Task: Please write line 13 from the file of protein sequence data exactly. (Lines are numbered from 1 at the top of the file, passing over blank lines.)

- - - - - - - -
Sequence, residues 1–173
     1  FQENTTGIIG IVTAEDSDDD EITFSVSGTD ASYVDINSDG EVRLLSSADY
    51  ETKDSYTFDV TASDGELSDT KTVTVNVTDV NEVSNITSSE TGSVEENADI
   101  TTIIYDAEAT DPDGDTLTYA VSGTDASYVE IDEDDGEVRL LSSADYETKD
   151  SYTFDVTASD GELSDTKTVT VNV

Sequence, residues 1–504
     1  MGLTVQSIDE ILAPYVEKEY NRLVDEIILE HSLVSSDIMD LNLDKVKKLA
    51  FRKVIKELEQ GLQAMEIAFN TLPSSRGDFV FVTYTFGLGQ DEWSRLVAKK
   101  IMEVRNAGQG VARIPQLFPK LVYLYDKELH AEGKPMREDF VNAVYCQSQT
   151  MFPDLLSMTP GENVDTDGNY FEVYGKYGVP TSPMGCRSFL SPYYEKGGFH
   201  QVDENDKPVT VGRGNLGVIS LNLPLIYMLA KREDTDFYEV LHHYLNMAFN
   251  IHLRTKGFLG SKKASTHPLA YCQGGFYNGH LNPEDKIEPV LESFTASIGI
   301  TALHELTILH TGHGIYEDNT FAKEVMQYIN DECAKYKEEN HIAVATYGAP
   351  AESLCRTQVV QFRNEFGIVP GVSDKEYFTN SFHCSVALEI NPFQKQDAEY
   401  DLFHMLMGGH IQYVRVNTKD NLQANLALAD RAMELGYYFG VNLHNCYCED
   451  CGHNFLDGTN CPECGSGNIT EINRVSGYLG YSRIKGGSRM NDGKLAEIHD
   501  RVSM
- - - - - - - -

   301  TALHELTILH TGHGIYEDNT FAKEVMQYIN DECAKYKEEN HIAVATYGAP